Freelance Announcer Aika Kanda Discusses Unusual Stimulus Brought by Junior High School Entrance Exams | FRIDAY DIGITAL

Freelance Announcer Aika Kanda Discusses Unusual Stimulus Brought by Junior High School Entrance Exams

No.45] Me, Pink, and Sometimes New York

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Illustration drawn by Mr. Kanda

Even in this winter, many students aimed for a bright future by taking entrance exams. I have experienced entrance exams three times, for elementary school, junior high school, and university. Each of them holds many memories, but this time, I want to talk about the junior high school entrance exam.


I failed the elementary school entrance exam and ended up attending a local public school that I didn’t want to go to. Therefore, the junior high school entrance exam was an important test for me, a six-year-long-awaited revenge.

I went to a cram school with the “N” mark, called Nihon Nōken. I was attracted to the system where seats for the following week were determined based on test scores held every weekend. If your grades were good, you got a seat at the front, if bad, at the back. Determined with a different level of tenacity from those around me, I went to cram school thinking, “I’ll sit in the front seat no matter what!”

But it was actually complicated. If you got good grades on all four tests held over a month, you would move up to a higher class the following month. It’s supposed to be a “congratulations!” moment, but for me, it wasn’t. I often found myself in the second-highest class out of seven. The difficulty of the classes and the information I received from those around me were just right for me. Moving up a class meant facing significantly higher class difficulty and the levels of the schools students aimed for were too different, rendering the information around me meaningless. On top of that, there was the fear of possibly being demoted to a lower class the following month… I didn’t want any of that.

So, I was required to achieve scores that would allow me to sit in the front seat without moving up to the higher class.

It was like playing a game, and it was fun. Moreover, there were shocking events happening one after another, which I never experienced in elementary school.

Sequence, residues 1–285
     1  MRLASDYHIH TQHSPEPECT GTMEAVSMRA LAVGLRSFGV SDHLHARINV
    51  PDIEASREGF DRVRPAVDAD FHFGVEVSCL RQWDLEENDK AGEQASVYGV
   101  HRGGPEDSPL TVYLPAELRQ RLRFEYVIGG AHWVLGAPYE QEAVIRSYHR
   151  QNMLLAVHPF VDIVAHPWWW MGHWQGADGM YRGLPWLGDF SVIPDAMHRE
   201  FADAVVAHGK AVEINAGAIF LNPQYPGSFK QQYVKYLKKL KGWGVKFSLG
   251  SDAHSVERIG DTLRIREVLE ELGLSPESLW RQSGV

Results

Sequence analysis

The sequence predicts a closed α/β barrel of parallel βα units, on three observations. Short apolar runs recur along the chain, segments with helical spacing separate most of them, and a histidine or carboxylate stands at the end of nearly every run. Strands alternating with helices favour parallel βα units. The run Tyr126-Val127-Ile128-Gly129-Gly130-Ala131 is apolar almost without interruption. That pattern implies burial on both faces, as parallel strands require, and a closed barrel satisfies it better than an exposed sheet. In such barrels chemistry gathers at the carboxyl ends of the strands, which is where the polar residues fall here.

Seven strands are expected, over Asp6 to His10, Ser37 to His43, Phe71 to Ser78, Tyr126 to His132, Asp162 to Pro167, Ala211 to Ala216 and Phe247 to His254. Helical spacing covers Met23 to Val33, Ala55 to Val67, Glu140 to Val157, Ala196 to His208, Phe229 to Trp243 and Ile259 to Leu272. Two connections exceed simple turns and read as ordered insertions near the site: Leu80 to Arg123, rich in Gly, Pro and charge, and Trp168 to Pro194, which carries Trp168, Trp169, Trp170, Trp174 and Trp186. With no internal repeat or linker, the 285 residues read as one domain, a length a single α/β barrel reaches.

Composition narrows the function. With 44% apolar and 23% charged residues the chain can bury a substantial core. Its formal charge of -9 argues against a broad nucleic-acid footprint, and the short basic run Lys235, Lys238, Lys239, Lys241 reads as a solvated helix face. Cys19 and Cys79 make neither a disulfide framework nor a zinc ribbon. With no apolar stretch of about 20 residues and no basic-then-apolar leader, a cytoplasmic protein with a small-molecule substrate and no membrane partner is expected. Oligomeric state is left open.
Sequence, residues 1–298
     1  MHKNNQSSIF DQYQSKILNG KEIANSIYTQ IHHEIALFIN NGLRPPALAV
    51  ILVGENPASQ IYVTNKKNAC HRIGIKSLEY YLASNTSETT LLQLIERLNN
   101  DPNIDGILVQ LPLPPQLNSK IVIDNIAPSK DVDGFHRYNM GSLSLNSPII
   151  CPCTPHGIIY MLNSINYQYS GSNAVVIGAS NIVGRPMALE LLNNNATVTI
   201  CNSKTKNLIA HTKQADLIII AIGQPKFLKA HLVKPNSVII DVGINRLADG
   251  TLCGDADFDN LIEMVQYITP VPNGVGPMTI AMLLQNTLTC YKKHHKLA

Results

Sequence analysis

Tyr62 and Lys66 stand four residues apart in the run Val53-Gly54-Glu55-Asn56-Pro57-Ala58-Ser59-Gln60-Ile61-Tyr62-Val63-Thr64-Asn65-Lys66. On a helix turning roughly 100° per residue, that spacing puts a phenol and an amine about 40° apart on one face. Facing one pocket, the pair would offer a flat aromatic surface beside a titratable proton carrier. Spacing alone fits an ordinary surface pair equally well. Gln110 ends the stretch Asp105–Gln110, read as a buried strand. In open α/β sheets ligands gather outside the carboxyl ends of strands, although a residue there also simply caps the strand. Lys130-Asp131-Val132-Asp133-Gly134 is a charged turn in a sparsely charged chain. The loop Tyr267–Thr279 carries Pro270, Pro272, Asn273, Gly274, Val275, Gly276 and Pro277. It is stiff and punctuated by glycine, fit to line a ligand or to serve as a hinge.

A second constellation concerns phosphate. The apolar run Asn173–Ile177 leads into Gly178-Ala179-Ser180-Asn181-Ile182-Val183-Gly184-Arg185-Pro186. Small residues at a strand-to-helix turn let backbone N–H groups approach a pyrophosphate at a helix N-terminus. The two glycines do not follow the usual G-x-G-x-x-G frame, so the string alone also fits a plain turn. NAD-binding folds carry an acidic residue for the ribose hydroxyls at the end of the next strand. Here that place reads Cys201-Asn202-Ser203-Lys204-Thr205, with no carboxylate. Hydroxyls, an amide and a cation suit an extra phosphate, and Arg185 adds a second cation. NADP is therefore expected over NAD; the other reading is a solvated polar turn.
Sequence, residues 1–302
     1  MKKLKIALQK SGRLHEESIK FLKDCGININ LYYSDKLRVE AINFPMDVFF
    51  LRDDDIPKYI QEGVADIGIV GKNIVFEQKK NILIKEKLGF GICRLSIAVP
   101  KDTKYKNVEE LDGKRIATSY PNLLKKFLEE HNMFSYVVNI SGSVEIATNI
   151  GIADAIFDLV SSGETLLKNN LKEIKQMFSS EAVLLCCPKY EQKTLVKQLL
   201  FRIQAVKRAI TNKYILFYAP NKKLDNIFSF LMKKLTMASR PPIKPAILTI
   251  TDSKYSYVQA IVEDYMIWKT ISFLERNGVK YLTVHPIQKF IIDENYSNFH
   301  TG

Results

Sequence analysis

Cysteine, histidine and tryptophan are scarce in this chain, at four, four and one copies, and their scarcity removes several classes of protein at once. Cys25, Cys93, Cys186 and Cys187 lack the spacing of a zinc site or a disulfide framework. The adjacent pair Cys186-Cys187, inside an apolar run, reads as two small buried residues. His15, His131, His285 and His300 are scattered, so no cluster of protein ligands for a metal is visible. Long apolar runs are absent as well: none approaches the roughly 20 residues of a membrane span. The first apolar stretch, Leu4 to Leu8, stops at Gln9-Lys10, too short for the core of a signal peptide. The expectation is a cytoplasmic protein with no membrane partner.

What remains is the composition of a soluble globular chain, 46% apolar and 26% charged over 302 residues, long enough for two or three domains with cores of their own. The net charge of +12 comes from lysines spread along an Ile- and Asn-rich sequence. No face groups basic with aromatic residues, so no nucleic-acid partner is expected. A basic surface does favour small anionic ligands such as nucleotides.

One day, a boy who was a mood maker suggested, “Let’s throw chalk at the teacher.” I was scared and just watched, but as chalk flew past my head and hit the teacher in front of me with a thud, it was an incredibly stimulating moment engraved in my mind. The teacher tried to catch those kids, but they climbed onto the desks and bounced around, escaping. The head of the cram school, confirmed it through the security camera, scolded them over the announcement system, “Stop it!”

Another day, an advertisement for “Dial Q2” circulated. According to the mood maker, “If you call here, you’ll hear a strange woman’s voice!” (I shouldn’t touch the paper that shouldn’t be touched) I got scared, but even in sixth grade, I had a journalistic spirit. In order to verify the truth, I went to the nearest station with the mood maker and made a call. Then, I heard the lascivious voice of a woman saying, “Oh, yeah~ ♡ Uh-huh~ ♡” (No, this is forbidden territory!!), so I was startled and quickly took the receiver away from my ear. Then, a voice saying, “Please insert money to continue” snapped me back to reality, and I hurriedly hung up. Naturally, I couldn’t tell my parents, and I felt guilty for the first time for keeping such a big secret, so I couldn’t sleep that night.

The whereabouts of comrades.

The day after being stimulated at cram school like that, I was fed up with conversations at elementary school like, “Did you watch that anime yesterday?” or “This stationery is cute, isn’t it?” It was boring. Before I knew it, I hardly talked to my elementary school friends anymore. Because I graduated in that state, I never contacted anyone later or was invited to a class reunion.

And now it’s finally time for junior high school entrance exams. Including me, all the kids from cram school passed their desired schools. Unlike elementary school, there are no graduation albums or contact lists. We probably won’t meet again in the future, but we were comrades who studied hard together while causing trouble. After achieving our goals, we disbanded, wearing different uniforms and attending schools in unfamiliar places. And then, six years later, thinking that we could compete as rivals in university entrance exams and continue to study hard, they seemed cool. Even without knowing each other’s contact information, I couldn’t help but feel connected in my heart.

Thus, I’ve lived a life with zero connections after elementary school friends and cram school friends. Even now, I often wonder how they’re doing, especially my cram school friends. Rumor has it that the class clown ended up with bad behavior after entering a prestigious junior high school. I heard he got expelled from the school he worked so hard to get into because he got involved with drugs, maybe marijuana or methamphetamine.

If there was a kid with such disruptive potential nearby, it’s no wonder they’d find regular elementary school stuff boring.

©Kazuki Shimomura

Kanda Aika / Born in 1980 in Kanagawa Prefecture. After graduating from the Department of Mathematics, Faculty of Science, Gakushuin University, she joined NHK as an announcer in 2003. She retired from NHK in 2012 and became a freelance announcer. Since then, she has been active mainly in variety shows and currently appears as the main MC on the daytime program “Pokapoka” (Fuji TV).

From the March 29, 2024 issue of FRIDAY

  • Text and illustrations by Aika Kanda

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